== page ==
Mehlville school district seeks occupancy permit for St. John’s site


The Mehlville Board of Education recently voted unanimously to authorize administrators to seek an occupancy permit for the former St. John’s Elementary School at Will Avenue and Lemay Ferry Road.

Board members have been discussing since December a proposal by interim Superintendent Jerry Chambers, Deputy Superintendent Eric Knost and Project SCOPE Executive Director Allan Schindler to move the SCOPE program to the St. John’s facility that originally was constructed in 1922.

Established in 1997, Project SCOPE — South County Opportunities for the Purpose of Education — offers education to students in eight school districts who have received extended suspensions. Besides Mehlville, the program serves Affton, Bayless, Hancock Place, Lindbergh, the Special School District, Valley Park and Webster Groves. The alternative program served 625 students in the 2005-2006 school year, with 319 students coming from the Mehlville School District.

During a special meeting in January, Board of Education members, administrators and other district employees toured the former elementary school. After the tour, board members voted unanimously to authorize the administration to develop plans for the use of the St. John’s facility.

Chambers told the board in December that the relocation to district-owned property would free the district from paying rent at the program’s current site at Grasso Plaza in Affton. He estimated that if SCOPE remains at Grasso Plaza, the cost of rent would be more than $1 million over the next 10 years.

Current estimates for renovating the St. John’s facility range from $1.4 million to $1.8 million, but Mehlville representatives believe the occupancy-permit process will help refine those estimates. Administrators also have been discussing the possibility of having an alternative-school program at a renovated St. John’s facility, which the district attempted to sell, but without success.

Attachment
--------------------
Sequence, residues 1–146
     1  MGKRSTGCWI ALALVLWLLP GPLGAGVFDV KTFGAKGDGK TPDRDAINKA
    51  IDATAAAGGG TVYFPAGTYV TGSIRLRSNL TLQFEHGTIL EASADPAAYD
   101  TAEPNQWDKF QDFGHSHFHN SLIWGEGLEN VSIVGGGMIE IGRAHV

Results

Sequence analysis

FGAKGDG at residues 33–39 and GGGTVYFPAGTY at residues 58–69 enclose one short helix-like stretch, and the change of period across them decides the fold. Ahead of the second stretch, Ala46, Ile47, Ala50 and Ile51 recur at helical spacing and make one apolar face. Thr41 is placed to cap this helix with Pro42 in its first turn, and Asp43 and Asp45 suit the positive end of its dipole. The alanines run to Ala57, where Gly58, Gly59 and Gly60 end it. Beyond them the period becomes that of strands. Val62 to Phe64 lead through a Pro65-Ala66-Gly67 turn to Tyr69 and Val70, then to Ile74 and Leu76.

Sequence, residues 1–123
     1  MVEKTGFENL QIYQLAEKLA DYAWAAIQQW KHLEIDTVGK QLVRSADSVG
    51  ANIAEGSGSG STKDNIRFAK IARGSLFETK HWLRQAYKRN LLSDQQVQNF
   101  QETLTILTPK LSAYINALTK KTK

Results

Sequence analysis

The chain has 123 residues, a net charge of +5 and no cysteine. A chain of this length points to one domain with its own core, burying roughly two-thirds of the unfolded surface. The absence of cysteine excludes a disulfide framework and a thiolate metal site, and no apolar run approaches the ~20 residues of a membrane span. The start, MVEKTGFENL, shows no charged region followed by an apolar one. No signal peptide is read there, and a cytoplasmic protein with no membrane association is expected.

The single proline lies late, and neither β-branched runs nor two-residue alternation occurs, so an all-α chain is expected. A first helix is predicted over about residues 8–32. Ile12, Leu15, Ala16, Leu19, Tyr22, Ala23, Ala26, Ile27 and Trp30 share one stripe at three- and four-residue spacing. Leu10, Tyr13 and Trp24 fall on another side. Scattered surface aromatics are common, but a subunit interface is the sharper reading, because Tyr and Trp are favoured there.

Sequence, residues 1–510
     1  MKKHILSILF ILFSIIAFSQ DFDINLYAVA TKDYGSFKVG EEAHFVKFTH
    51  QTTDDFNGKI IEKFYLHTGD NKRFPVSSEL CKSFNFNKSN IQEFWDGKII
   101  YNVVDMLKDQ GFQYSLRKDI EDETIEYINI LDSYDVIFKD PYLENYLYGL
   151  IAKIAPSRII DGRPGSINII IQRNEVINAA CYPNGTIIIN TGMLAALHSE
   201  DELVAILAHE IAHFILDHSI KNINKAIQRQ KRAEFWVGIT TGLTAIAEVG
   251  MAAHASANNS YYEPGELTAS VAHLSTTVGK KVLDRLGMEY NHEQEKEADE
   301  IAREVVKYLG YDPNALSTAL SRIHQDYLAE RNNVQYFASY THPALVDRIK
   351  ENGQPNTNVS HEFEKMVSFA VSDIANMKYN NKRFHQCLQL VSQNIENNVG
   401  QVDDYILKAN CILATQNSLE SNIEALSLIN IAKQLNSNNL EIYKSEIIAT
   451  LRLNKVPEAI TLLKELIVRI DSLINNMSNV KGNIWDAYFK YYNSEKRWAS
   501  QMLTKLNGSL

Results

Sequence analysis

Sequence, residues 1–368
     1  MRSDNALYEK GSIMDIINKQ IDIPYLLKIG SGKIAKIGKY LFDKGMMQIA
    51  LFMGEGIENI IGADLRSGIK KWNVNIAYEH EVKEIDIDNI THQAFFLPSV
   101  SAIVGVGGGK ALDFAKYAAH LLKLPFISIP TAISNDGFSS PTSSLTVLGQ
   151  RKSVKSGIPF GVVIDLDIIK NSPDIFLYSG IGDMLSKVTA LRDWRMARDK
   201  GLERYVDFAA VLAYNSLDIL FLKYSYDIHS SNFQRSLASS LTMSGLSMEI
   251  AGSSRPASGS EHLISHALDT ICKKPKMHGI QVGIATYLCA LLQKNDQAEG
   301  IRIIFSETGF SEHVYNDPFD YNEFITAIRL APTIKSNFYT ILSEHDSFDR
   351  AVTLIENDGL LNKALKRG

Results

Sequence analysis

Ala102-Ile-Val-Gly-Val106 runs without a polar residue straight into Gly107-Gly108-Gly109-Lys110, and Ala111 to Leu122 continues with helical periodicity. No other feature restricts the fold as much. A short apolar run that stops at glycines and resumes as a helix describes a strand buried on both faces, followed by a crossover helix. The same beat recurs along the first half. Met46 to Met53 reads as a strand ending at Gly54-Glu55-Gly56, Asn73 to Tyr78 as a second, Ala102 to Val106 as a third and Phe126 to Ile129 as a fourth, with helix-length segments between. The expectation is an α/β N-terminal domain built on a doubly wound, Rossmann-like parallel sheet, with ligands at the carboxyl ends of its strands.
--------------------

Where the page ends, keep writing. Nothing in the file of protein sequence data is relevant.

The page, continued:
The Board of Education’s unanimous vote to authorize the administration to seek an occupancy permit from St. Louis County for the St. John’s facility came near the end of a nearly five-hour meeting Jan. 17.

“All we want you to do is authorize us to file for occupancy with the county, and what that will do, it will remove the mystery about how much we need to do to that building in order to use it … Then we’ll come back to you and we can take this up at a future meeting,” Chambers said before the board’s vote.

During a period for public comment earlier in the meeting, a former board member voiced concerns about the proposal to relocate the SCOPE program from Grasso Plaza to the St. John’s facility. Some of the concerns voiced by Marea Kluth-Hoppe, who serves as president of the Mehlville-Oakville Foundation, echoed those previously expressed by school-board members Cindy Christopher and Rita Diekemper.

“… First, I heartily support the SCOPE program and the SCOPE people that are here. I have attended many events there. I’ve talked with the teachers, students and even parents who have students there. With that said, I have grave concerns about renovating the old St. John’s School for the SCOPE and any other at-risk programs,” Kluth-Hoppe said. “I, too, have toured St. John’s School several years ago, looking at the feasibility of use for that building and viewing the numerous problems that exist. Just a little history — first, the junior-college district left the St. John’s facility because of excessive renovation costs and the impracticality of such renovation. Second, during the Prop P program, the building and site were deemed inappropriate for an educational site for early childhood by qualified consultants and through community input.”